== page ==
A challenge to assumptions of the transformative power of music

Henley, J. (2018) A challenge to assumptions of the transformative power of music. Royal College of Music. (Unpublished)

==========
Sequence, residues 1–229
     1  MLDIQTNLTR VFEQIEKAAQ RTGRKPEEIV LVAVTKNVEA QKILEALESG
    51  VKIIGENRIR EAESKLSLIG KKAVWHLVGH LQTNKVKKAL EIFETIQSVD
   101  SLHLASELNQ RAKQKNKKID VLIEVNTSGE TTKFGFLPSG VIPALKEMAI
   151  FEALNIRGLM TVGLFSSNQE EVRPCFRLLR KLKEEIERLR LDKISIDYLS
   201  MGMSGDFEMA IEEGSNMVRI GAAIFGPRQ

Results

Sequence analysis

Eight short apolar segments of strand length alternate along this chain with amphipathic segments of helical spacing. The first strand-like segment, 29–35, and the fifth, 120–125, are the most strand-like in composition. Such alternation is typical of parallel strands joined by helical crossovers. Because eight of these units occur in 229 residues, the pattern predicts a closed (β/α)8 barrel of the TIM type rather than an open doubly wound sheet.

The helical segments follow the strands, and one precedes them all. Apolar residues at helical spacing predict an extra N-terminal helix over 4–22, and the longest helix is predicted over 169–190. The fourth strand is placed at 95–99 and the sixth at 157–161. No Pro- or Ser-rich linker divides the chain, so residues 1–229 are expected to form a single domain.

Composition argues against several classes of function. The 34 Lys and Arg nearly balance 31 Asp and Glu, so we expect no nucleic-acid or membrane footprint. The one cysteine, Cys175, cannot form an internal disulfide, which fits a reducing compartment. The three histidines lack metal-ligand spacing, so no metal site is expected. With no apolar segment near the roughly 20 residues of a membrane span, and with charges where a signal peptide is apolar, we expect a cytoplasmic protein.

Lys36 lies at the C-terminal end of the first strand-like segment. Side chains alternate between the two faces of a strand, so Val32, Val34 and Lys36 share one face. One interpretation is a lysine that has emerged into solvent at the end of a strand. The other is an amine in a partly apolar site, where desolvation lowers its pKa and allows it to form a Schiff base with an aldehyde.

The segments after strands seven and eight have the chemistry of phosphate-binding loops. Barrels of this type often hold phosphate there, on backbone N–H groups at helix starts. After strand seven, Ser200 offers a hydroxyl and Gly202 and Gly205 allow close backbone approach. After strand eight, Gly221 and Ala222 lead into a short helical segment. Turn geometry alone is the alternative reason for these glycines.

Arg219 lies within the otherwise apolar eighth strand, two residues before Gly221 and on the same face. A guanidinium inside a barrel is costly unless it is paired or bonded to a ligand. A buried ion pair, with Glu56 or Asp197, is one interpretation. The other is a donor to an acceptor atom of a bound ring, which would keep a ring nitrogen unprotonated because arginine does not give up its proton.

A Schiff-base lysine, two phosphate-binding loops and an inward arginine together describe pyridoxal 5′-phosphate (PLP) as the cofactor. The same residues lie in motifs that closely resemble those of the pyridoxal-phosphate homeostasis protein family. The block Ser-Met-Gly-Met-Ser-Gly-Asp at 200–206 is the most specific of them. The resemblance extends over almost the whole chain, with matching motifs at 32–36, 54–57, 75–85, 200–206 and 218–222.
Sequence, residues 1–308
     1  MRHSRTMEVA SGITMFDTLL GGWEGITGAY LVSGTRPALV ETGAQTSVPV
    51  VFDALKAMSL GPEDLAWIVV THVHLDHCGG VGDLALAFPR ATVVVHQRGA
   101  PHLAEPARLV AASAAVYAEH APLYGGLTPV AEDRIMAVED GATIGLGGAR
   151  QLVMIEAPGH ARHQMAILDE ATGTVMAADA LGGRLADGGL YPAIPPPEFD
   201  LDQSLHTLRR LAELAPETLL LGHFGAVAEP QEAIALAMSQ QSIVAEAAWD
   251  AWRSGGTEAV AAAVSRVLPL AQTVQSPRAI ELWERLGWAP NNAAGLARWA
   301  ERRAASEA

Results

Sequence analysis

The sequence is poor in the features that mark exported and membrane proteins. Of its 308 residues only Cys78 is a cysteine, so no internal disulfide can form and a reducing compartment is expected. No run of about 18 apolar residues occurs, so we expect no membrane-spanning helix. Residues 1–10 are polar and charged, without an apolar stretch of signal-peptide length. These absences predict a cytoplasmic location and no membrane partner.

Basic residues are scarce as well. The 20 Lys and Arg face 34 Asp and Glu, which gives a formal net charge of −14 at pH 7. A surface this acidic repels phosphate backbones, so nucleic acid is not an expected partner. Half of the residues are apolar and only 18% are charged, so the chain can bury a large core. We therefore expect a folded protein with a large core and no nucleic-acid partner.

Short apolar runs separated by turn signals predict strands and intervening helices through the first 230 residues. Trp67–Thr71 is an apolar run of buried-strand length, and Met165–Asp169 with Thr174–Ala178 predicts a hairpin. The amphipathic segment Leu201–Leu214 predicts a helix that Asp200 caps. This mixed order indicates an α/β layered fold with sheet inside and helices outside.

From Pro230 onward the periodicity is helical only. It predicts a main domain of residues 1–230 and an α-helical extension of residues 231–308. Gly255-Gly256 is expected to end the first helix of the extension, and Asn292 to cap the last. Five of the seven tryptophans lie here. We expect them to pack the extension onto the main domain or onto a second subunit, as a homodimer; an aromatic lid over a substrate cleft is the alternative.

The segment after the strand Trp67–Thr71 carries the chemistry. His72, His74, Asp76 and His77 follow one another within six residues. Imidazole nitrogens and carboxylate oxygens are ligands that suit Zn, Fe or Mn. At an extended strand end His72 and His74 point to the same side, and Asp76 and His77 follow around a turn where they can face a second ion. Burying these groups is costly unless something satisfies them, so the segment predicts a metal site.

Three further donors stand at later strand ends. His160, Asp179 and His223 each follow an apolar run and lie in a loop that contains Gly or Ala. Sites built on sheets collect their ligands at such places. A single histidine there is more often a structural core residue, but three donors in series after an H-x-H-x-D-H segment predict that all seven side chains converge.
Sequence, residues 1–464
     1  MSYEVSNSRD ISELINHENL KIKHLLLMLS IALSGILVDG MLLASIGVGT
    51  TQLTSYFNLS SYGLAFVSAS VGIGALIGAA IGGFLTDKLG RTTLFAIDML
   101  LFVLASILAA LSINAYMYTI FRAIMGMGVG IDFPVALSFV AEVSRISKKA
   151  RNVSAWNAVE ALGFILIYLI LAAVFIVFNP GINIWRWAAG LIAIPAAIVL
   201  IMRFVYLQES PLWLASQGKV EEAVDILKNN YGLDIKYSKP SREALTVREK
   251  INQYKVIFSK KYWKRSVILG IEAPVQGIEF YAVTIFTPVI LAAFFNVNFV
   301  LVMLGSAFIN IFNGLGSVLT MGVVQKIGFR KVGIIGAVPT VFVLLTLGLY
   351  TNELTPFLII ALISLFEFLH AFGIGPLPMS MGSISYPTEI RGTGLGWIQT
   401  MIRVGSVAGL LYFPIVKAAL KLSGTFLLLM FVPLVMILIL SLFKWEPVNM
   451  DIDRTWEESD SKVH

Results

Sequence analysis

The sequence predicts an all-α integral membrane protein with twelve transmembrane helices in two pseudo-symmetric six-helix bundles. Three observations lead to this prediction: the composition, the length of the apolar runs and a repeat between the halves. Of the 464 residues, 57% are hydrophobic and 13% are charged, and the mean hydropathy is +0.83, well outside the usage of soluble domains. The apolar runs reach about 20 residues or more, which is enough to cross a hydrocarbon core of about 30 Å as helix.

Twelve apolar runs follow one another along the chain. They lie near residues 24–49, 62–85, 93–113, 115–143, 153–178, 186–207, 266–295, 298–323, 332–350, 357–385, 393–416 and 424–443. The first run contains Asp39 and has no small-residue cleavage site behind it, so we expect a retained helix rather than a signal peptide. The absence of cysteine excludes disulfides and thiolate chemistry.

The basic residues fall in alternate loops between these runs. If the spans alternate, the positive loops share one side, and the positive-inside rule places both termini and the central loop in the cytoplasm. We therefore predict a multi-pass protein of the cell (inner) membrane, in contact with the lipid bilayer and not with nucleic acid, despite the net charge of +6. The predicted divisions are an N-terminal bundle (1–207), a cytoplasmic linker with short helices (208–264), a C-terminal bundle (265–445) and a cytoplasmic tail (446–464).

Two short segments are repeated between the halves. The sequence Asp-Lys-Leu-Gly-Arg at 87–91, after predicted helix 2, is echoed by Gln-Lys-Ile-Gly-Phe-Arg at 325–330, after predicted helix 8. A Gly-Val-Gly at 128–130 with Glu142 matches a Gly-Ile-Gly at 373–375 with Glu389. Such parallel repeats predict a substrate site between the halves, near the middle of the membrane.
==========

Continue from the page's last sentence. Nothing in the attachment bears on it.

Learning is a process that has content (curriculum) and form (pedagogy) however it is a common assumption that the links between musical, emotional, and social development lie solely in the content of music learning. Curriculum and pedagogy are commonly confused resulting in the elevation of the status of the learning content and the separation of content and form. This manifests in educational practice and research that is based on the assumption that emotional content is universal and inherent in the object of music, and learners are transformed as a result of musical content alone. This paper critiques the notion that social and emotional development occur as a result of engagement with emotional content embedded within music, and suggests that it is not the type of music or musical activity that is learnt, rather it is the way that music is learnt that gives rise to emotional and social development. Pedagogy is unpicked in light of different learning theories that either engage or supress criticality to show that uncritical pedagogies can exist in music making often assumed to be transformative by the nature of the musical content. Research exploring the pedagogy of a prison music project is drawn upon to demonstrate how socio-musical interactions and relationships are created and facilitated not by the musical content, but by a pedagogy that provides spaces for critical engagement, for conflict to surface and be resolved, and leads to the taking of musical, emotional and social risks.

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